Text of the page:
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GDPR can't come too soon. That would definitely put an end to these shady practices, as the penalties of several individual infractions would endanger any company.



It will offer a possibile solution in Europe, where Facebook has already been under heavy scrutiny. It won't change anything in the US, South America, SE Asia and developing countries where Facebook is already dangerously synonimical to the whole online experience of the average user.


> developing countries where Facebook is already dangerously synonimical to the whole online experience of the average user.

Was that not the case with AOL in the US in decades past?


The hope is that Facebook will not have two different data handling strategies for EU and non-EU users and we'll see some sort of regulatory encroachment from the EU to the rest of the world. But obviously GDPR endangers so many of Facebook's shady but lucrative practices that they will have financial incentives to set up two different user silos.


> The hope is that Facebook will not have two different data handling strategies for EU and non-EU users and we'll see some sort of regulatory encroachment from the EU to the rest of the world. But obviously GDPR endangers so many of Facebook's shady but lucrative practices that they will have financial incentives to set up two different user silos.

Facebook might be one of the few organizations with the motivation and ability to set up two different regimes to contain the effects of GDPR on their practices.

In that case, I would love to know what their selection criteria is.


I wonder if other countries also start making laws like the GDPR? The EU is creating a frameworks which makes it very easy for other countries to "attach" on too. The only danger is not having enough leverage to "prevent" companies from leaving and not adhering to privacy standards, but by cooperating this should be possible?


No it won't.

> [] I want to see dancing monkeys and for that, I agree to have all my data shared with unnamed third and fourth parties indefinitely.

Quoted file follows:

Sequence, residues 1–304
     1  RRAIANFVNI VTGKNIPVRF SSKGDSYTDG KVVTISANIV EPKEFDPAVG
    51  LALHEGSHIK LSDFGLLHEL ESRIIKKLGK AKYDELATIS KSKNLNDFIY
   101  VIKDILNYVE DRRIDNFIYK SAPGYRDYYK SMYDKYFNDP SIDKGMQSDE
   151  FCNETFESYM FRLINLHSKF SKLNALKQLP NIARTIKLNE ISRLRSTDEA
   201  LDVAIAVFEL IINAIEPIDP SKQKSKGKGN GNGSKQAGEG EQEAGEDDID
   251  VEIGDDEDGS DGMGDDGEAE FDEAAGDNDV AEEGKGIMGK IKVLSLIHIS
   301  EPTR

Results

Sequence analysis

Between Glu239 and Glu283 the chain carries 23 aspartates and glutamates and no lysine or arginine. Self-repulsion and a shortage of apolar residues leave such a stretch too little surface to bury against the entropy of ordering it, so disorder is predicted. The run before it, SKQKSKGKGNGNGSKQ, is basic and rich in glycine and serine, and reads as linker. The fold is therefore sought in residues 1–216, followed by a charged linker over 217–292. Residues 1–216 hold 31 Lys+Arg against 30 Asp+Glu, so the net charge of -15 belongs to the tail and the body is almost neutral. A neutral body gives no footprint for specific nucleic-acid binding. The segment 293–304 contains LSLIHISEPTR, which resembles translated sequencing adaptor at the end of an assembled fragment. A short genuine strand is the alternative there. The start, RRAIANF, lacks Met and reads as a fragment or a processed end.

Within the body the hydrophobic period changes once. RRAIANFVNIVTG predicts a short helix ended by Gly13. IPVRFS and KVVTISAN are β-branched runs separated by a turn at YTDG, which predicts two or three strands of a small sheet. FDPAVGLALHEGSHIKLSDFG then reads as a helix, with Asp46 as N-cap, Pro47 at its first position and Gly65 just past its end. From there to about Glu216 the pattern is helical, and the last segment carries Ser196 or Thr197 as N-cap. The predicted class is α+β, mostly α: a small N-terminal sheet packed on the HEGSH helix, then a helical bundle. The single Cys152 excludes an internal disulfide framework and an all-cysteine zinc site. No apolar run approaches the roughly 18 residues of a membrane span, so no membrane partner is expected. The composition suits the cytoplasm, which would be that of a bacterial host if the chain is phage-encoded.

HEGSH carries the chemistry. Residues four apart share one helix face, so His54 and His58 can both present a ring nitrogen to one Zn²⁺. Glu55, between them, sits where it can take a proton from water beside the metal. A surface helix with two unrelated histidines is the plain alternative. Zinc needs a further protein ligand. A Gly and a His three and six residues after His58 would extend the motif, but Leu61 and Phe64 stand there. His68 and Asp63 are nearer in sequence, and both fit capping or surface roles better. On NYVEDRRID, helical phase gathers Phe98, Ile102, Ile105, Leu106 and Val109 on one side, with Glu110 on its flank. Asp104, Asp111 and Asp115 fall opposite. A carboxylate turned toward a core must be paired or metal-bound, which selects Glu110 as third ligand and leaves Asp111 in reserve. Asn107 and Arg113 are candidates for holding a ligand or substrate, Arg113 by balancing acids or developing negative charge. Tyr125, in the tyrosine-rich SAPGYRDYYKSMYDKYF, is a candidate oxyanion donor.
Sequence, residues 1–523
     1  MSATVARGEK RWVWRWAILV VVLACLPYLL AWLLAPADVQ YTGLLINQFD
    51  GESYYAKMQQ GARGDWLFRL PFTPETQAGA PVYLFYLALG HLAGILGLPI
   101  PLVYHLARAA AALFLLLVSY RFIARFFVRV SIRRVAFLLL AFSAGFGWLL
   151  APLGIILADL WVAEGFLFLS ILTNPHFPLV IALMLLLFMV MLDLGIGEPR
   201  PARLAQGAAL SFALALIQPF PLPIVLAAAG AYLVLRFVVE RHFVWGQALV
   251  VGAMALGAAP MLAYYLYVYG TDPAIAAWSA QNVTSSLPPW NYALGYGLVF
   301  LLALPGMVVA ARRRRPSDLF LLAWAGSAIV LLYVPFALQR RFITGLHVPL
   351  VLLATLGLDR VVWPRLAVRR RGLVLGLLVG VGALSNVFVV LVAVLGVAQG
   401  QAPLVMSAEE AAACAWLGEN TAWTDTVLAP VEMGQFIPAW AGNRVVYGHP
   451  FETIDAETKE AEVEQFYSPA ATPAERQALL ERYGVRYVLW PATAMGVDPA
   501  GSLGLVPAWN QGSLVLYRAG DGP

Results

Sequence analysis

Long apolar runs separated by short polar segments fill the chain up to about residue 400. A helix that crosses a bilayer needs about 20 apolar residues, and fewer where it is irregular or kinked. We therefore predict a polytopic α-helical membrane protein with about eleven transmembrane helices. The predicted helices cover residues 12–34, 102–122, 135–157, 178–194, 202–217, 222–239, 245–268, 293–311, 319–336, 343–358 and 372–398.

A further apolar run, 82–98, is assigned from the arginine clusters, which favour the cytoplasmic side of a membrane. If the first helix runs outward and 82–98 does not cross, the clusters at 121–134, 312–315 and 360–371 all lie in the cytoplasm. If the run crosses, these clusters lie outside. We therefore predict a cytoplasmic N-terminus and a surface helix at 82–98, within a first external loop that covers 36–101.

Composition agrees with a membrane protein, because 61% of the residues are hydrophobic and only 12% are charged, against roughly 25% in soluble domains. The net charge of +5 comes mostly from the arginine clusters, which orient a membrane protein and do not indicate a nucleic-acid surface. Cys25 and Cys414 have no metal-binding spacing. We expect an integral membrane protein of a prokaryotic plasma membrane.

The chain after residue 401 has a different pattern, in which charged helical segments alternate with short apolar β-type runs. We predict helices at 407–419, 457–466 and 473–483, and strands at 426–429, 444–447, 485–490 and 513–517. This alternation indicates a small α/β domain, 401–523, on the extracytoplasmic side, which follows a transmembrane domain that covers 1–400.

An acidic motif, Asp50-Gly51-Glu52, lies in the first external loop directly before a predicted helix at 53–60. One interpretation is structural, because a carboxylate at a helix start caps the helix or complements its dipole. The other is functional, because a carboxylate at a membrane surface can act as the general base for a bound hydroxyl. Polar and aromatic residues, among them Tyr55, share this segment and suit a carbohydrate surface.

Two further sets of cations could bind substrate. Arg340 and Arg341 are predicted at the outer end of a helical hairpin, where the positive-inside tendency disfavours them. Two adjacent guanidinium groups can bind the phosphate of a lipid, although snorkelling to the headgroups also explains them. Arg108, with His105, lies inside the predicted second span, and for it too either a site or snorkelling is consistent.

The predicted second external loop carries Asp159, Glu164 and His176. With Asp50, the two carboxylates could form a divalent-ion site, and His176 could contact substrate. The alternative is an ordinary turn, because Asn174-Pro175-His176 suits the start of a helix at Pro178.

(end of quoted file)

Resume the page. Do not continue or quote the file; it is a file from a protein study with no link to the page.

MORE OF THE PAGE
See? Everyone clicked that :).


Under GDPR you cannot mix these two things. They cannot force you to accept conditions that are not relevant to the requested item - if you do not accept the opt-in, they are still not allowed to refuse your access to the monkey video, as there is no meaningful connection between said video and all of your data.

It would be different if you had to pay for something, in which case you would have to agree to share your name, credit card etc. However, they still would not be allowed to share it with unrelated (!) third parties.


Even if they complied with your erasure request and deleted everything from all their servers and their backups (spanning the world over a decade), think of all the non-EU third-parties who have your FB data already


GDPR isn't only about data deletion, but also about the transparency of data handling strategies. There was a "nightmare GDPR" letter HN post a couple of days ago that illustrates some of those responsibilities.


I wonder if GDPR could be applied to companies I don't have a relationship with but have my data (i.e. CA-type data collection companies)?


The GDPR basically states that a company have a relashionship with you if they have data about you.


Sure. That's already possible in Germany, where any company has to provide you with the details of their knowledge about you once a year for free: https://selbstauskunft.net/


and how many people are aware of it and will write to companies like FB asking for their data?


That's not how GDPR works.




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